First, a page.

US Vice-President Mike Pence, set to deliver a major speech on America’s Indo-Pacific strategy at an economic summit in Papua New Guinea this weekend, will flesh out in the most concrete terms yet Washington’s plans to counter Beijing’s trillion dollar Belt and Road Initiative, a senior US official has said.

Briefing regional journalists midway through the vice-president’s weeklong Asia tour late on Wednesday, the senior administration official said the US plan would stand in contrast to the “dangerous debt diplomacy China has been engaging in in the region”.

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Unveiled in 2013, China’s Belt and Road Initiative seeks to enhance infrastructure links between Asia’s biggest economy and the Eurasian land mass through new bridges, ports, railways and motorways largely financed and constructed by Chinese state-linked firms.

But Beijing has increasingly found itself vigorously having to deny accusations that it is using the scheme to saddle poor nations with unsustainable debt to create client states.

Some countries this year moved to cancel or amend contracts because the projects were found to be too expensive or unnecessary.

The US official said Pence’s speech in Port Moresby on Saturday will promote a “private-sector driven model” and outline how “US companies really provide jobs and come to the region and deliver prosperity to the region”.

He said: “That will stand in sharp contrast to the dangerous debt diplomacy that China has been engaging in in the region that has led some countries from Sri Lanka to Maldives, Malaysia, to have some serious debt problems from accepting loans that are not transparent.”

Pence’s address to a business forum ahead of Sunday’s Asia-Pacific Economic Cooperation (Apec) Summit will cap an intense week of diplomatic engagement in Asia for the vice-president.

He is currently in Singapore attending a security summit with the 10-nation Association of Southeast Asian Nations (Asean) and its eight dialogue partners, and was in Japan before that.

Deputising for President Donald Trump, Pence has used the trip to tell Washington’s allies in the region that it remains a priority despite the administration’s protectionist “America First” policy.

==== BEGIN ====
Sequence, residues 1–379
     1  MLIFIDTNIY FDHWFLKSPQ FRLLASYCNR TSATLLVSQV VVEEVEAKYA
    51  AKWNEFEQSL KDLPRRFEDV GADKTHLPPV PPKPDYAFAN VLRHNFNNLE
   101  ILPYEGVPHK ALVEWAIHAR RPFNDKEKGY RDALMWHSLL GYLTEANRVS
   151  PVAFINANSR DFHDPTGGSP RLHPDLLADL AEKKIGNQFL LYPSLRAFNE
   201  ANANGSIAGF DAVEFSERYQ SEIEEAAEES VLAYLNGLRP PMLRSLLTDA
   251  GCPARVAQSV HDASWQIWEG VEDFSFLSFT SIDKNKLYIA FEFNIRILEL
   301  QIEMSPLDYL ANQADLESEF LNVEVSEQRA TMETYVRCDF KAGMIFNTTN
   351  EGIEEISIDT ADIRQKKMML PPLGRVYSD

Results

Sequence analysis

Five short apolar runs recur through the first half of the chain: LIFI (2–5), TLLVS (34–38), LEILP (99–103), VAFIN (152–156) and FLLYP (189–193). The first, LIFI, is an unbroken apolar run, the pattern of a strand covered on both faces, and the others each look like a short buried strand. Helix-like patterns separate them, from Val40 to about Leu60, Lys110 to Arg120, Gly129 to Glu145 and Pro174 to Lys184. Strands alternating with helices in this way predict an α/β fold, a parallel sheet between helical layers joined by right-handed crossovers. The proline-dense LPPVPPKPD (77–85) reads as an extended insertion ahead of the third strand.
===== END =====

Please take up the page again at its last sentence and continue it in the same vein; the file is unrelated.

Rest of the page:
The emphasis on infrastructure financing, meanwhile, comes days after Washington, Australia and Japan formally announced plans to collaborate on funding infrastructure projects in the Asia-Pacific after striking a deal earlier in the year. In a separate announcement, Pence and Japanese Prime Minister Shinzo Abe said on Tuesday they had agreed to work together to provide up to US$70 billion for infrastructure in the region.

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All three countries – members of the so-called quadrilateral of democracies in Asia which includes India – have shaken up their regional infrastructure financing programmes as the Belt and Road Initiative grows in stature.

Australia last week announced a US$1.4 billion infrastructure financing facility for the Pacific, offering grants and long-term loans for investments in telecommunications, energy, transport and water infrastructure.

The US recently revamped its decades-old Overseas Private Investment Corporation – giving the overseas financing agency more bite, capital and the ability to take on equity stakes in projects it finances around the world.

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Washington has said that while its efforts may not match the sheer scale of Chinese state-linked infrastructure financing programmes, they will create a “halo effect” for projects it is involved in – roping in financing from allied countries and the private sector.

The US says the key difference between its projects and the belt and road strategy is its stringent controls to make sure projects benefit local communities and are commercially viable.

In the briefing on Wednesday, the senior administration official said Pence’s speech will offer more details on the trilateral collaboration.